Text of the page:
Activities for autistic children and guides for parents

Activities for autistic kids and autism information data? Children on the autism spectrum often associate specific tasks with locations. This might mean they resist doing schoolwork at home. Anxiety levels, which are often high in this group of students, may increase further due to changes in routine or uncertainty about what they should be learning. General tips for schooling at home such as setting up a learning space, creating structure and routine, and becoming familiar with resources in the Australian Curriculum are good ideas. But parents of children on the autism spectrum may need additional strategies.

“All children with autism engage in sensory behaviors or stereotypy,” Leichtweisz explains. “This can look like hands flapping, focusing on parts of objects such as spinning wheels, making loud and repetitive noises, jumping up and down and many other behaviors. Having places in the room where children with autism can go to cool down when these behaviors occur can help ease both their frustration and the teacher’s a great deal. Some examples of items to have in this area include bean bags, pillows, Play-Doh, squishy balls or fidget spinners.

Considering their skill sets and behavior, they are encouraged to be involved in individual sports. These types of sports do not require much social communication and there is lesser demand placed in their sensory systems when engaged in them. Although multiple sensory systems are still activated and sports events may seem too much to process, these Autistic teens can have interventions that focus on the desensitization of sensory systems to avoid sensory meltdowns. See extra information on Mike Alan.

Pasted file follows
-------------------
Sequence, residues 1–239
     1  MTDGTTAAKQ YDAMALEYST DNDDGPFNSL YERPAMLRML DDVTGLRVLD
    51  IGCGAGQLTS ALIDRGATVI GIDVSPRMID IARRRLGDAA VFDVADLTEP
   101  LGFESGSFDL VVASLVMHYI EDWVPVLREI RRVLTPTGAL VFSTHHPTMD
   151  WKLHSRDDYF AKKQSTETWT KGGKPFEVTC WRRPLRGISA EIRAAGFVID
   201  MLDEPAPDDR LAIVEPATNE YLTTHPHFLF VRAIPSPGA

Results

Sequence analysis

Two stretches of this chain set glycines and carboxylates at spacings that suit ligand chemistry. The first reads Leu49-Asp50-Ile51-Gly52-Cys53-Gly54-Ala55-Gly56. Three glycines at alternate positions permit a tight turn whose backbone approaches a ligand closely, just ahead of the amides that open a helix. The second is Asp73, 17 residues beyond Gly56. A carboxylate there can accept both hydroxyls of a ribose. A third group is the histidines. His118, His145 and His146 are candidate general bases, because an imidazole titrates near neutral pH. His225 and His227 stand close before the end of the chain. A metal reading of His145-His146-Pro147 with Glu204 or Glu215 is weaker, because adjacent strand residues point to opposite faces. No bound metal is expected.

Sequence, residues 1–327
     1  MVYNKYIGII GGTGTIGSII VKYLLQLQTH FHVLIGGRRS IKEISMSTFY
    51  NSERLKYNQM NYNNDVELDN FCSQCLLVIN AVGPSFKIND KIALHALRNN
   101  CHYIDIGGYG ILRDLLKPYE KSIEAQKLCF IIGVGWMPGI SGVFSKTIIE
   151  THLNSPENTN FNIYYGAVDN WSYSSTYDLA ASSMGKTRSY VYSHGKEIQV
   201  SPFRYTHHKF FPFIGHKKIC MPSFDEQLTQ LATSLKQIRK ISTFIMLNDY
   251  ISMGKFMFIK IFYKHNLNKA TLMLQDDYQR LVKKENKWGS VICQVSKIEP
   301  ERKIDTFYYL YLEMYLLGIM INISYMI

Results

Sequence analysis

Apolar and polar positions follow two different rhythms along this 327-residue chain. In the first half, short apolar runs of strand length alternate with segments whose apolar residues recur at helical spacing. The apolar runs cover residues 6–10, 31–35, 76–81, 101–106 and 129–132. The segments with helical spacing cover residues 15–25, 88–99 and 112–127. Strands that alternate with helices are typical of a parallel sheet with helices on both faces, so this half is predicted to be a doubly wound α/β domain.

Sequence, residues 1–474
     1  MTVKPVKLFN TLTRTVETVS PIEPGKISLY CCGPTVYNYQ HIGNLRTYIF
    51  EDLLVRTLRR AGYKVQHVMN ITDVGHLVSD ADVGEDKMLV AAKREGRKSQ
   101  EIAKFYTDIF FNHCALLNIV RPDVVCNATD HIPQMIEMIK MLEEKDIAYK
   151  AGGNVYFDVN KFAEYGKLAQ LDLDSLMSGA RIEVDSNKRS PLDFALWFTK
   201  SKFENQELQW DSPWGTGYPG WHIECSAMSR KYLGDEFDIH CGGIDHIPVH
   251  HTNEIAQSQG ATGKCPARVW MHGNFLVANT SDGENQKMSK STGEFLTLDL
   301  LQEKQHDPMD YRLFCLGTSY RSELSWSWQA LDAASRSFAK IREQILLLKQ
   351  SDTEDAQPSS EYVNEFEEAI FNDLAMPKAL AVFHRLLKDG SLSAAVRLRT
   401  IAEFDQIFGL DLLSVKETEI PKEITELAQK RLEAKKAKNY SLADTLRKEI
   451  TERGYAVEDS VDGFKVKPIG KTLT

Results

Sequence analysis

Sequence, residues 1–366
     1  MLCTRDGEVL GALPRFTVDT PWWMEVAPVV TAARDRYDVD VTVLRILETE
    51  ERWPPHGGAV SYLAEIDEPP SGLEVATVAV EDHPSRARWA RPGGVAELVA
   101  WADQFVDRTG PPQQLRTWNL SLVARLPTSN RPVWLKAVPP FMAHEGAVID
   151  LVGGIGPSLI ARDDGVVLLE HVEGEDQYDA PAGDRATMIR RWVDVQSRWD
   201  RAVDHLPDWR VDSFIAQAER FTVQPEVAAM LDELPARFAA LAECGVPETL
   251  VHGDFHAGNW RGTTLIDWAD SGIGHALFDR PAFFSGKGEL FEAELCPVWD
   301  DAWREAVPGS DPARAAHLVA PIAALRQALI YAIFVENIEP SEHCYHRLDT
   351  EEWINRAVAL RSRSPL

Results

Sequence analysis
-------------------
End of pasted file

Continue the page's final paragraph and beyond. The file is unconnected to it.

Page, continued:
At times, autistic children struggle to process too much information at one time. This leads to sensory overload and will prevent them from being able to communicate. There are a few things you can do to help in these situations: Keep the non-verbal communication at a minimum level. For example, do not force or provide direct eye contact if you notice it is causing angst or anxiety, PECs boards and pictures are a great way to help when verbal communication is not possible. If your child is young, providing educational toys for toddlers as a distraction is a good wat to help them calm. For older children, sensory tools are also a great option. Another tip for better communicating with Autistic children is to pause between words. Do this if you notice they need some time to find a response.

Compare this, however, with what it might be like to have children with motor planning or social challenges that limit their participation in sports, to never being invited to birthday parties, or to dealing with stares and snickering from other children when you go out for pizza. When you post in an effort to commiserate with other parents, consider the benefits of building community with parents of neurotypical children against the costs of possibly alienating your friends with autistic children; is this a problem your friends with autistic children would “love” to have (e.g., “my child talks all the time!”) or is it perhaps one they can sympathize with (e.g., a scare at the doctor’s office)? Your friends with autistic children probably recognize you have legitimate struggles, but if you do the work of weighing and comparing what you face and the daily struggles they face, that work will show.